My chief marketing officer and I traveled to southern China recently to visit a large supplier of our blinds.

Everything about this company was enormous and impressive: the sheer size of the operation, the thousands of people it employs, the efficiency of their processes, their rigorous emphasis on quality control. Still, as impressive as it was, what really fascinated us was the value they put on candor.

Unlike our American suppliers, who tend to be tight-lipped about their business strategy, these Chinese owners were surprisingly open. They were willing to talk with us about their growth projections, their expansion plans, and their business challenges.

Sharing this kind of information was helpful as we discussed how we could do business together, not just over the coming year, but also over the coming 10 to 20 years. We generally don’t see this level of openness in our American suppliers, who seem to believe that sharing information is a sign of weakness.

But is it? I believe business relationships only become more valuable with more candor. So with that in mind, here are four things you should reveal to your strategic partners:

  • Revenue projections. We Americans tend to say, “Keep your numbers close to your chest.” But that attitude can prevent your suppliers from managing their inventories and other resources efficiently. They have to guess at the price and service levels they need to offer you: If they guess too high, they may lose the business—and you may lose them as an excellent resource. If they guess too low, you may still lose them as a resource. No one can afford to lose money for long.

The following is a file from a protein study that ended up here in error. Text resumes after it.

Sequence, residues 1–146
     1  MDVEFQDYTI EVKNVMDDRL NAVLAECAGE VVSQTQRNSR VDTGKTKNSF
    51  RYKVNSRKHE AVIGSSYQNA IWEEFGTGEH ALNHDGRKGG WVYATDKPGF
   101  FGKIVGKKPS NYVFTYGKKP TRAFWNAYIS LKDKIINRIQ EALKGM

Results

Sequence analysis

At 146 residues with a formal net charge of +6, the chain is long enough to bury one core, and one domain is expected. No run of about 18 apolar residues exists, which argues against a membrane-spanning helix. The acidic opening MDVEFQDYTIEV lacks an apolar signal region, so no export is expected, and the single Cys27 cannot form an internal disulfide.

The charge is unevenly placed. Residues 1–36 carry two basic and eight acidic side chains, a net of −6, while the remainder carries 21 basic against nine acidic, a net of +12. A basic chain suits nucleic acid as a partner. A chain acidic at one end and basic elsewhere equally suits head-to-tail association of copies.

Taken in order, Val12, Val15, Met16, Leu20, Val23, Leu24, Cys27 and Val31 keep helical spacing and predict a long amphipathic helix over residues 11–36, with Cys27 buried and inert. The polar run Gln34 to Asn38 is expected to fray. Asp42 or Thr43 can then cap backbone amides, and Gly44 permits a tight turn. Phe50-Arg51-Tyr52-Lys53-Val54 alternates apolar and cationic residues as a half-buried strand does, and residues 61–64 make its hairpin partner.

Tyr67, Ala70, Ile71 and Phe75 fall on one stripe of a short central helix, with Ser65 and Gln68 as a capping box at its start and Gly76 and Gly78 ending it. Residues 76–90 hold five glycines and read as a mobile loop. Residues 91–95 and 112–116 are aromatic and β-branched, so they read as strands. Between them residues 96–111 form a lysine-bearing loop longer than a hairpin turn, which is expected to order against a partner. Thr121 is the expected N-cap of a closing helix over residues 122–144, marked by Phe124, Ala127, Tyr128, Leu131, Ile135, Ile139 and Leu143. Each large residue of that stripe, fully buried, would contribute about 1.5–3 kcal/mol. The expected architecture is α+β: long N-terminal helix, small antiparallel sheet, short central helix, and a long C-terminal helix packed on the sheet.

• Obstacles. No business relationship or project is perfect. Keeping quiet about potential obstacles thwarts success for everyone. If you’re honest, you can work together to solve the problem. Even if you can’t solve it, at least you won’t be blindsided by it.
  • Success metrics. When our manufacturers give us special promotions, we share the resulting sales results with them. Yes, they gave up margin initially, but they can see the long-tail halo effect: more future purchases at full cost.
  • Appreciation. Some people think that because you pay people to do their work, you don’t owe them anything more. Sure, your attorney stayed up until midnight to finish your contract—"that’s what I pay her for!" But appreciation can go a long way. The next time deadlines loom, whose work do you think she’ll finish first?

Because the Chinese executives shared their strategic information with us, we were equally open with them. Instead of dangling the carrot of the vast volumes of business we could bring them, we both felt comfortable saying we’d start relatively small, build mutual trust and grow together on a shared path.

It was a pleasure dealing with people in an open, respectful, long-term, aligned fashion. Yes, I realize that my naïveté might be showing; I’ve heard the Chinese are tough negotiators.

Still, it’s nice to think that we could always do business in a way where everyone comes out a winner. Don’t you?